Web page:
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It mostly covers my work as UNISON Scotland's Head of Policy and Public Affairs although views are my own. For full coverage of UNISON Scotland's policy and campaigns please visit our web site. You can also follow me on Twitter. I hope you find this blog interesting and I would welcome your comments.

Sunday, 10 May 2015

Some post-election thoughts

Well, that wasn’t pretty. As someone who has participated in elections since the age of 12, that one rates alongside 1979 and 1992 in terms of outcome, and possibly worse in terms of the campaign itself.

It was very tempting to jump to instant analysis and solutions, but I have resisted the temptation. I think some analysis is justified, but I believe some careful consideration is needed on solutions, both for Labour and the other political parties as well as those outside the party structures who have to deal with the consequences.

So where are we? Will Hutton, in today’s Observer, summed up in a paragraph the likely failure of a Tory win to address the UK’s major problems; "David Cameron’s Tory party will not reform the structures that make business building so hard. The productivity crisis will continue. R&D will stagnate. The trade deficit will widen. Inequality will grow. Low wages and insecure jobs will proliferate. The housing crisis will deepen. Public services will become more threadbare. Foreign companies will plunder our national jewels. Public service broadcasting will shrink. Human rights and civil liberties will be weakened. Britain will continue to become more marginal in the world."

The impact on Scotland could be just as serious. Austerity continues with two years of major cuts that the salami slicing of recent years will be unable to paper over. Relationships between Holyrood and Westminster are likely to be a combination of austerity max and grievance max, which again will distract from the need to take long-term decisions. While most nationalists I know would prioritise ending austerity over independence, a right-wing Tory government has long-term benefits for the fundamentalists.

The added factor in this election was the ugly short-termism of the Tories in playing an overtly English nationalist card. The polls in the marginal seats and my discussions with colleagues running campaigns in areas like the Midland’s, makes it clear that the Tories didn’t waste the millions they invested in this aspect of the campaign. As a consequence we have a further batch of Tory MPs who are not unionists at all. They can see that forty fewer Labour MPs and the damage it did to the Labour vote in England was a good thing for their short-term political prospects. This is likely to add fuel to the flames in the coming years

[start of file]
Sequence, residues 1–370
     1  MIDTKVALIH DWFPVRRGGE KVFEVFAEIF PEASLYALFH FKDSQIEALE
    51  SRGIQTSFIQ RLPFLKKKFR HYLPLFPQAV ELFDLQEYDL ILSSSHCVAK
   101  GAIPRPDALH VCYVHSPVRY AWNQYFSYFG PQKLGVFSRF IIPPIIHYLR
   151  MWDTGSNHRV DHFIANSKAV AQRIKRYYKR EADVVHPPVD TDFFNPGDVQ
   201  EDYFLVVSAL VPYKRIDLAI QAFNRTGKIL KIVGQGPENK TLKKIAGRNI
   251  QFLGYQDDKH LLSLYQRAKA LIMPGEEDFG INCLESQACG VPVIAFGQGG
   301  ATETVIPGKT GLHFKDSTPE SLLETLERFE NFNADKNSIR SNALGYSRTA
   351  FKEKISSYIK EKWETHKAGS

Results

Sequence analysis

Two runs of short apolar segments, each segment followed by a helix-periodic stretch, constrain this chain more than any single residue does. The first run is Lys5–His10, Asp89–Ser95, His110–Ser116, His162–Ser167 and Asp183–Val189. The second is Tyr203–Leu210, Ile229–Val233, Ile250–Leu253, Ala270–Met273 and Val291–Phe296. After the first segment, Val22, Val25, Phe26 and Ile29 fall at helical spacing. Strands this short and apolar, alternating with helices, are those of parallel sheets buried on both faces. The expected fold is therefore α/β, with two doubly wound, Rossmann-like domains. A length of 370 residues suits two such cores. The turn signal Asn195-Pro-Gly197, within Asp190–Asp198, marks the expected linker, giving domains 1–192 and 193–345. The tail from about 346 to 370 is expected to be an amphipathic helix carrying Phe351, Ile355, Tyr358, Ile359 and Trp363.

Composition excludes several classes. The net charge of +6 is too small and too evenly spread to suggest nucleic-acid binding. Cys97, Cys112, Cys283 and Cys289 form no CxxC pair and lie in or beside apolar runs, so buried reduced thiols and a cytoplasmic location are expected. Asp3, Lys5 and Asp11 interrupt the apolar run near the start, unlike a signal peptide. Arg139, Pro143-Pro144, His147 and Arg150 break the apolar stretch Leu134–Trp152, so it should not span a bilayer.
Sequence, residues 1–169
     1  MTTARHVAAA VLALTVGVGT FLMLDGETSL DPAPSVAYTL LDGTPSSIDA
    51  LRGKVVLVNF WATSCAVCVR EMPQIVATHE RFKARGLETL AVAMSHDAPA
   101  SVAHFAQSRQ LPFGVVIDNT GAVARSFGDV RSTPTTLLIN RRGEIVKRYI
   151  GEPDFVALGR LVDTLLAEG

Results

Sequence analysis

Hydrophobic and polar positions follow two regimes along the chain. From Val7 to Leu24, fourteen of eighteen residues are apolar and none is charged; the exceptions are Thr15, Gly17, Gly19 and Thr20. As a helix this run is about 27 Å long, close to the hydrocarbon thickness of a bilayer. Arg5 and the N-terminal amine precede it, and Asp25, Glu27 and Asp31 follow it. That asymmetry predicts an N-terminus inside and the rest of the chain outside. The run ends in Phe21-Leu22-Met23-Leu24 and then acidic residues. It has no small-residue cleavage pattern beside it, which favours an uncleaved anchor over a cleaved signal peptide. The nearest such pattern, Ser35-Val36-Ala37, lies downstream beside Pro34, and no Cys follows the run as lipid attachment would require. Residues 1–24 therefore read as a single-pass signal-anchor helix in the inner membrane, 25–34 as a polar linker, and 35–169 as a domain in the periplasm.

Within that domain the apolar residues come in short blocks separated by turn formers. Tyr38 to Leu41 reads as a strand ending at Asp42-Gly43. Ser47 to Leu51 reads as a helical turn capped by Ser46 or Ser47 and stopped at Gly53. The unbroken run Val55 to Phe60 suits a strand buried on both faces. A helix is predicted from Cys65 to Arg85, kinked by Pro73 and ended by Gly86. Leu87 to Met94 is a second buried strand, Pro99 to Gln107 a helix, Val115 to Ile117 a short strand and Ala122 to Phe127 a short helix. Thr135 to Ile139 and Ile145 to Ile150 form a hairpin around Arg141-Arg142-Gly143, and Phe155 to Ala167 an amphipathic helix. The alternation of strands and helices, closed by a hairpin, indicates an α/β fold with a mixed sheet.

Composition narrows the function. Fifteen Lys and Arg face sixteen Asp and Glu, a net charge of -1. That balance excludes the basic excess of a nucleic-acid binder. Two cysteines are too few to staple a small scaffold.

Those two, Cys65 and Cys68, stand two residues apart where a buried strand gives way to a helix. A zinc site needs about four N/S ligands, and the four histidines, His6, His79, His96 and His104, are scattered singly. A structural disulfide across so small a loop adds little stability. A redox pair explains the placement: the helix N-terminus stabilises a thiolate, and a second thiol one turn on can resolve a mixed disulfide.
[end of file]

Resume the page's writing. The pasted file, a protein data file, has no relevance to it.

So what about Labour?

At a UK level there is the predictable Blairite call for a return to the ‘centre ground’, whatever that is. They have spent years undermining Ed Miliband and now they can go public. Retro style may be fashionable, but back to the 90’s isn’t a coherent political strategy for any political party. The UK Labour strategy in this election did offer differentiation, but always fell short of convincing many of those who should have voted for Labour. For example, the employment rights offer was broadly positive, but an ‘inquiry into blacklisting’ was hardly likely to get those who care about fairness in the workplace, queuing up to vote.

Scottish Labour's problems didn't start with Jim Murphy's leadership or the fall out from the referendum. It goes back to the Blair years when even the positives were played down because they didn't match the New Labour narrative. This played out in Scotland with Labour led administrations that got no credit for taking radically different approaches. For example, it was Labour that abolished the market in NHS Scotland, but was asked to keep it quiet and as a result the SNP now claims to be the party that 'reversed privatisation'.